And this is sweet Betsy.  Betsy is a "house girl" at SITAG.  She keeps the group's houses in great shape with her servant spirit, no matter who is coming and going throughout the year.  She and the other employees are a trustworthy constant at SITAG, and we are so thankful for them.  Earlier this week, Aaron was down at the wharf picking up a colleague, and I saw a strange guy walking around behind our house.  I went to find one of the employees to ask if SITAG had any visitors.  As soon as I told Patson and Silas that I didn't recognize a man walking around SITAG, they dropped the lumber they were carrying and were off like a shot up the hill.  Happy ending - the guy was from the Solomon Islands Water Association and was just checking meters.  But he had zero identification, so nobody knew that he was "official".  Patson and Silas both got cinnamon rolls the next morning as a "thank you" for going above and beyond their job descriptions.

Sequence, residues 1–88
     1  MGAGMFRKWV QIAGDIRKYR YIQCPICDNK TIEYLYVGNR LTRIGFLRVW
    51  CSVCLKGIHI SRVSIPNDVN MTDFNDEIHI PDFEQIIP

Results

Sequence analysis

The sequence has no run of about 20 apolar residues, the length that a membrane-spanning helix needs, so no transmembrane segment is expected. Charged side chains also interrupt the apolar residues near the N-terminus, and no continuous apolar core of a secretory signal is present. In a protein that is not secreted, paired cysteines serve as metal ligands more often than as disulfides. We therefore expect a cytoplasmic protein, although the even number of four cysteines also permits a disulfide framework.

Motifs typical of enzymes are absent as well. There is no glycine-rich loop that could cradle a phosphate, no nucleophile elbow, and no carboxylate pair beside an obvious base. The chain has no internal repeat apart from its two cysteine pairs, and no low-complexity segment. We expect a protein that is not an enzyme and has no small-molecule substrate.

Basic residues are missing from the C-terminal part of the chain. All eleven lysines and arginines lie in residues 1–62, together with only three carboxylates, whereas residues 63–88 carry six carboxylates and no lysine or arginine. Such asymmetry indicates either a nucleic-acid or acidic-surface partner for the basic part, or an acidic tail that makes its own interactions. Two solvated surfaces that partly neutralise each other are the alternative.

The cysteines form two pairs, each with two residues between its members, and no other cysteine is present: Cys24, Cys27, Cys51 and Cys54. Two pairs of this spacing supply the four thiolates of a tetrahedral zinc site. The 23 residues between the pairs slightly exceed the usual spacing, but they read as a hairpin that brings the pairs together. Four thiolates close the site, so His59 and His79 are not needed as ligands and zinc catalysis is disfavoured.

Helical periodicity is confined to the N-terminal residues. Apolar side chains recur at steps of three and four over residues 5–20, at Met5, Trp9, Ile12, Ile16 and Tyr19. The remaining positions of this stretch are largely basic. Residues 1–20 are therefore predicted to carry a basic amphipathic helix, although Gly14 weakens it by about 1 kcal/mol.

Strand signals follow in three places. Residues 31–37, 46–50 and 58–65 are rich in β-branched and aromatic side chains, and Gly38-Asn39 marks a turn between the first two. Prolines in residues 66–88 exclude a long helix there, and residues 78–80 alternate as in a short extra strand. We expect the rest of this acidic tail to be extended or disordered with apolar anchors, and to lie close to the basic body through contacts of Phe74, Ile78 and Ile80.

Wednesday, October 15, 2014

The SITAG directors returned today!
So we all showed up to welcome them back.  Aaron has done a fabulous job holding down the fort in their absence, but now he gets to turn his attention back to being a translation advisor and preparing to go back to Marulaon. 
One of our colleagues had the bright idea to make signs saying, "Welcome back to the zoo!"  Very appropriate indeed.

Monday, October 13, 2014

Honiara Woman's Daybook


Just for today...Monday, October 13
On my bookshelf..."In Search of the Lost:  The Death and Life of Seven Peacemakers of the Melanesian Brotherhood" by Richard Carter.  A really good peek inside the culture of the Solomon Islands and the tension that existed in the country in the first years of the 21st century.  Also relevant to our ministry because we serve among the Church of Melanesia.  It's hard to believe that these events happened in 2003.
One of my favorite hairdos that make me smile all day long.
A heart overflowing with thankfulness...for this trio of girls, my "pineapple princesses".
Crafting in the kitchen...we tried gingerbread oatmeal in the crockpot last night.  I think it needs a little bit more milk for a good consistency and some raisins for flavor, but it was a great way to start our Monday.  I love being able to use the crockpot when we are in Honiara!